On this trip to Japan, we resolved to visit some of the nearby regions to Kyoto on a couple of day trips. I took tons of photos on our travels, but there are a few highlights that I would like to touch on here.
This is one of three power spots in Japan, important areas in the Shinto religion. It is a natural bridge that looks like a rising dragon. There are many hot springs in the area, and the views are spectacular. The two hour train ride from Kyoto was nice as it passed through many tiny farming villages in the north of Kyoto prefecture that most people don’t think about when they think of “Kyoto.”
Another hour away on a “One Man Train” took us to Maizuru, a port town on the Sea of Japan. This is one of the historical gates to Russia, and you actually see Cyrillic here, kind of like how you see Korean letters everywhere when you are in Kyushu.
Maizuru is also a base for the Maritime Self Defence Forces. We were able to see the Hyuga, one of Japan’s 2 helicarriers, the closest thing to an aircraft carrier that they can get without conflicting with Article 9. I took a selfie with it!
Maizuru Bay was one of the quarantine areas for Japanese citizens who were returning from the Asian mainland after the Second World War. These were citizens that took to the frontiers of Manchuria to make their fortunes in the 20s and 30s, and were overwhelmed and taken prisoner by the Russians during WWII. They were sent to camps all across Siberia and as far as Moscow. About 6.6 million people were returned to Japan after the war — approximately 472,000 were survivors of the terrible Siberian prisoner camps, returned to their destroyed homeland. Dozens of ships brought them home to Maizuru Bay where they stayed in quarantine, were deloused, given food, and finally sent back to their home areas in Japan. It is a traumatic story which I have mixed feelings about since these citizens were sent abroad as imperial agents, to colonize and “civilize” Asia. However, the hardships they endured under the Russians, and the sense of relief and gratitude they must have felt when reunited with family back in Japan, makes this story compelling.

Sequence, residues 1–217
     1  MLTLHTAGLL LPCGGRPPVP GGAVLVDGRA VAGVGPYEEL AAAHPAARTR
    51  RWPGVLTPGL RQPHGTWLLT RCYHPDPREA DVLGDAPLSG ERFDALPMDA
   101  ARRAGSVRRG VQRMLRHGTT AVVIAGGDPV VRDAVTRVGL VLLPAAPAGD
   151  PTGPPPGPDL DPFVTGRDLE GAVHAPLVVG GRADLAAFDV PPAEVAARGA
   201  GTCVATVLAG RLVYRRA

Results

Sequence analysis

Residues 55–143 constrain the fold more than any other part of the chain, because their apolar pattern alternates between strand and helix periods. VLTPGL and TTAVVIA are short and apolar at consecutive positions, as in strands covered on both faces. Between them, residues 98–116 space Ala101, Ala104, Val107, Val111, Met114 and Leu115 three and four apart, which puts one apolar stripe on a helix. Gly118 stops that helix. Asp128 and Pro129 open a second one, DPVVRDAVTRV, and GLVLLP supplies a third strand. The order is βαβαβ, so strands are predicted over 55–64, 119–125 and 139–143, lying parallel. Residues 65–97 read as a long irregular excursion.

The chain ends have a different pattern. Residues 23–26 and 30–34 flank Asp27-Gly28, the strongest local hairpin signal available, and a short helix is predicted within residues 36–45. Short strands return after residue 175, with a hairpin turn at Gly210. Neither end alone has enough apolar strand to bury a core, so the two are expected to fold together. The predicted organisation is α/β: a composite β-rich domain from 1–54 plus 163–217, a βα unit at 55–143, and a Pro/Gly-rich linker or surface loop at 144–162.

Lake Biwa is a massive body of water in the center of Japan, surrounded by numerous resort spots. The northeast corner of it is an important strategic area where many historical battles were fought. Toyotomi Hideyoshi, the uniter of Japan, renamed the town of Imahama to Nagahama after the great general Oda Nobunaga. He built this castle which has an amazing view of the lake.
From Nagahama we took a ferry to Chikubujima, a tiny island in Lake Biwa with a number of temples and shrines. It is a rocky little island with a ton of stairs. I was hyped to go since I am familiar with Chikubujima Ryu Bojutsu, a classical martial art focusing on the staff. It was nice to see the art commemorated on the island. Also, another cool thing was the restoration of one of the temples on the island. Most people think of Japanese Buddhist temples as these dark, austere wood structures. But historically that is not the case. At Hōgonji on Chikubujima, some of the original paint is still visible, and so they as they are restoring it they are re-painting it in the bright, vibrant colours of Buddhist temples of the past.
Kobe Center for Overseas Migration and Cultural Interaction
In the 20th century many Japanese emigrated to places like the US and Canada. After “head taxes” and other racist policies limited that migration, they headed to South America. Japan has a good relationship with many south American countries, building roads and the like, but especially with Brazil. Up to the 1970s Japanese families would board ships in Kobe bound for South America. The Kobe Center for Overseas Migration was the building where those families would come to be inoculated, learn Portuguese and Spanish, and spend their last few days before leaving from Kobe Port. They have a small library and a collection of many items from these families that went abroad. I took some quick snaps of the profiles for each South American country (other than Brazil) so you can get a sense of the Japanese population there.